I must admit that I approached Lilian Nattel’s new novel through a particular lens: as the eldest of three sisters whose ties are fraught and distant. I hoped Only Sisters might offer me insight on how to foster a rapprochement with my siblings and reveal the key to sisterly attachment, which I seem to have misplaced some time ago. I knew I was asking a lot of a single work of fiction, but I proceeded with optimism.
While Nattel’s book does explore the conflicts and complexities between sisters, it does not present an easy pathway to reconnection. And that is due to the many challenges that face Joan and Vivien, the two women at its heart. From childhood onward, they must navigate difficult family dynamics that consistently undermine their efforts to support one another. That Joan finally finds a way to honour Vivien is a testament to the love she has always felt for her elder sister and her abiding commitment to family.
Only Sisters weaves back and forth in time. In looking to the past, it traces the family history of Joan and Vivien Connor. In looking at today, it focuses on Joan — now “with the superpower of a menopausal woman”— and her relationships with her elderly and ailing mother, Sheila, and her nephew, Bruno. As the plot progresses, past and present come together.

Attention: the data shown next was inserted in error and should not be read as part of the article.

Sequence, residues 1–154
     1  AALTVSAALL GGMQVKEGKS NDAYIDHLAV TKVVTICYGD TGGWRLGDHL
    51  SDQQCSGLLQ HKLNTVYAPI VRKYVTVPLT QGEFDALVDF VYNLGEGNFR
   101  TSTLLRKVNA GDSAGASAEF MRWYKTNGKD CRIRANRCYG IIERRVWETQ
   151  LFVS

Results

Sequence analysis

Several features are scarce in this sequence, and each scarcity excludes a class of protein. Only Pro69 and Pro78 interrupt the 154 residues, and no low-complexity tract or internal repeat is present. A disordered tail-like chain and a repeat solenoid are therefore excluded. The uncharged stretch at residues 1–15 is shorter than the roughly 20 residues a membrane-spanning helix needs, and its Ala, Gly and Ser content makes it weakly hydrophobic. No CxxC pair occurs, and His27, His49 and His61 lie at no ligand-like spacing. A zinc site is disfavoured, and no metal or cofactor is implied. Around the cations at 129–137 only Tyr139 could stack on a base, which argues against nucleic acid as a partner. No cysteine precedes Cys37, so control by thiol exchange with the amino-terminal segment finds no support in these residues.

Joan narrates this urban story, which is set in the recognizable neighbourhoods of densely populated Toronto. A palliative care doctor who visits patients in their homes, she helps coordinate end-of-life plans. “Most physicians can’t bear the helplessness of that,” Joan admits, but she is both attentive and compassionate. The cost is that she must hide her “own grief, even though I hold every loss in my heart like a secret child.”
A nurse, Vivien shares her younger sister’s desire to help the most vulnerable. But instead of staying in Ontario, she travels to rural areas in Africa that are most in need of medical assistance, including in the Democratic Republic of Congo, where “she’d volunteered to take care of Ebola patients during the first outbreak.” She does so again of her own volition, with “no organization to notify. Only next of kin.”